I got started on the radio in the spring of 1975, probably May. The ONTARS Net was suggested to me and that is where I did most of my listening, and eventually some talking. As you would guess, the latter gained momentum as time went on. The spelling of some of these names may not be correct and I have nothing here to refer to. I often talked to Ted Duff, VE3 CTU. I was interested when I heard that he was on Carthew Bay as that was near my motherís old home. My aunt was still on the home farm and he used to put a phone patch through for me. Duffy, as he was known on the radio, was there when ONTARS started. He told me that at first Bruce often filled in some of the time himself. Duffy he said that he would offer to monitor the frequency but he was not willing to take a regular spot. I would say that the white caners helped a great deal with doing net control.
I am not sure when the program started at CNIB but it was well known and quite active in 1975. Bill Choat VE3 CO was in charge and could often be heard operating VE3 NIB. He would send out material and of course could be contacted by anyone interested in helping a blind person get on the radio. At that time, a ham would help this person with the theory and as sponsors would help with the radio and the antenna. I know Harold VE3 HK was certainly in touch with Bill Choat and Harold really only knew that I was a blind person in town. Harold was a great promoter of ham radio and I think felt it would be a good hobby for me. I was going to name some hams & their calls, and will do this if you want some of those. I do know 4 or 5 of the spots were filled everyday through the week by white caners and then on the weekend people who were working would be there to fill in. Probably these were people who had more time at home and for the most part, you felt on an equal basis. A lot of these people are no longer with us and without the active program, there are not as many blind people getting on the radio.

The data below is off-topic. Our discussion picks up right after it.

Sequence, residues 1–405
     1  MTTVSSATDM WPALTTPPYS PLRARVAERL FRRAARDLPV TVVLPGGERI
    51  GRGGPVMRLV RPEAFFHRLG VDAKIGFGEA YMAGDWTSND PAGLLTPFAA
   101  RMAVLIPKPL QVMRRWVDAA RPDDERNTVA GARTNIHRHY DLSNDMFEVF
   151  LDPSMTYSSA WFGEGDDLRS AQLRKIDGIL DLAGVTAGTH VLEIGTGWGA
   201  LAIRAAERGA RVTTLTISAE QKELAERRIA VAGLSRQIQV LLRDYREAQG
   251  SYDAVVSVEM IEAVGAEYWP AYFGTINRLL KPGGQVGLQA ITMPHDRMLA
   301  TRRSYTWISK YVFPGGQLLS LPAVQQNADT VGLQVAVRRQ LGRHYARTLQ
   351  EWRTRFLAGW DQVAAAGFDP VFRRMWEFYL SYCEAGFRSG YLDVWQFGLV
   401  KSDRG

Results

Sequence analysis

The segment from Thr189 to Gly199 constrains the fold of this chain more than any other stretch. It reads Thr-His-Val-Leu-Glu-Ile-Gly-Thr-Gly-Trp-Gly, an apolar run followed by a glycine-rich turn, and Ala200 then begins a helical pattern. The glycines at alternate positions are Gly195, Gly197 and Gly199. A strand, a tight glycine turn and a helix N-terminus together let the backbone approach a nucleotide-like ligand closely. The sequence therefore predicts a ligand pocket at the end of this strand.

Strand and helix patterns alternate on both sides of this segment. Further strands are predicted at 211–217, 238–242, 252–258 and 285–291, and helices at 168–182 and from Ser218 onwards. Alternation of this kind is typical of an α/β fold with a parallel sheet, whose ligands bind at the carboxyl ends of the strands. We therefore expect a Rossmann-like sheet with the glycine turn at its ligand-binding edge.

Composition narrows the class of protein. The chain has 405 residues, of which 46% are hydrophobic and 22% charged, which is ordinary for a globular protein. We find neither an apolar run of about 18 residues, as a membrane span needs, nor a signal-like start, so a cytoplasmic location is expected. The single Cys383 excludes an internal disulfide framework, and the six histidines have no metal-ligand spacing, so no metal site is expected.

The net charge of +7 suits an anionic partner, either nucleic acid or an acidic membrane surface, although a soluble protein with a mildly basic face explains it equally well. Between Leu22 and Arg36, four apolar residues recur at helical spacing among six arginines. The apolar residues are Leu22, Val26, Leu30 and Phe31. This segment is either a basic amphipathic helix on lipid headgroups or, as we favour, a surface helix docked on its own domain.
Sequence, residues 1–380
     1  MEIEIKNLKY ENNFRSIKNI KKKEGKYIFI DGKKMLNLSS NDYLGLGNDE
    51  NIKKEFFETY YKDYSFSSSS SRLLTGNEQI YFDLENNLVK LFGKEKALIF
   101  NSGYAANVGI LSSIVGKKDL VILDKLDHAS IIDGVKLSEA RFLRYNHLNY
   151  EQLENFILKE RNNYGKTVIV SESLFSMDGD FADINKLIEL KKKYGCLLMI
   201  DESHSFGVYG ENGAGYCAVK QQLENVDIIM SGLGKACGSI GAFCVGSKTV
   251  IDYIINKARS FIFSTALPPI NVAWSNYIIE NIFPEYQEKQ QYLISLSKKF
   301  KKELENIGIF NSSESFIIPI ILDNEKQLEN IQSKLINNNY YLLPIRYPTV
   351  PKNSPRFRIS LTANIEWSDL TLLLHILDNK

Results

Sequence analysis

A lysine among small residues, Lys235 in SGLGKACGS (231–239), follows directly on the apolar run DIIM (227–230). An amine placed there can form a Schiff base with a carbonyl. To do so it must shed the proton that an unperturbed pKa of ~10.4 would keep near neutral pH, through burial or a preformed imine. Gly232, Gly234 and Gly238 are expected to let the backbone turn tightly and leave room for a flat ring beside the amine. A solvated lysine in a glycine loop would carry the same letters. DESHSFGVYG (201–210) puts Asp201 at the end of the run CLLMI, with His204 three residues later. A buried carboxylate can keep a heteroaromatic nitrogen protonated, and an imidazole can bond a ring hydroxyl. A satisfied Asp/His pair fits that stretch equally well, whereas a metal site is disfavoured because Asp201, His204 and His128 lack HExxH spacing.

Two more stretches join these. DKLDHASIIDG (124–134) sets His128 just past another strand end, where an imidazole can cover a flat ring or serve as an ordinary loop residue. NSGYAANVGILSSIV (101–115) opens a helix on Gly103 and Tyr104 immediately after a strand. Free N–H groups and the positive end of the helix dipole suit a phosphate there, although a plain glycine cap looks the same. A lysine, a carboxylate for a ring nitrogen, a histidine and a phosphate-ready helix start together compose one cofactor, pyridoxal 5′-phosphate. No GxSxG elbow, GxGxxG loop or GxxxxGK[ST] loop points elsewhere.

ONTARS has always been a great gathering place where we have had a lot of fun, some good conversations, and caring friends if there should be a time of trouble. Harry, and I can only tell you that he had a two letter call, was at Turkey Point and I think in rather a lonely spot. He was having a heart attack and several of the fellows talked to him and stayed on the radio with him until the paramedics arrived. Elmer VE3 LJX was in Brantford & a well-known ham. Elmer had lost his sight and one leg in WW2. One Sunday morning I asked him if he was feeling alright and I learned later that someone else followed up on it and had someone in Brantford check on him. Elmer had had a stroke and I think from then on he was at the Veteranís Hospital in London. Bill Birchall VE3 FQV from London was the manager when I started doing net control. I started filling in for Bill VE3 MMZ who was in hospital from time to time. When he was not able to do it anymore, Bill VE3 FQV asked if I would like the SUN morning 8:00 spot and I guess the rest is history ? Dave VE3 SUT would often say we have made a lot of good friends through ham radio. We have met quite a few of these people, and when you talk with people often, you feel you have met them. I do remember Bruce VE3 BC (Boston Charlie) well and he did have a great idea when he started the ONTARS Net. We used to keep a count and Bruce was often there at 6:00 to pick up the count and of course the birthday Net was always special. It was a great place to meet people and maybe move off for a chat. Also if you were just starting out in radio, a good place for a timid check-in.
This 8th January 2021 may be 49 years and what better time to pay a tribute to Bruce, and the number of people who have served as manager over the years. They, as well as many others, have helped the net along in many ways and provided a great service.
Our thanks to you Barry for going above and beyond what is expected. I think you got us back on track at a time when it was needed.
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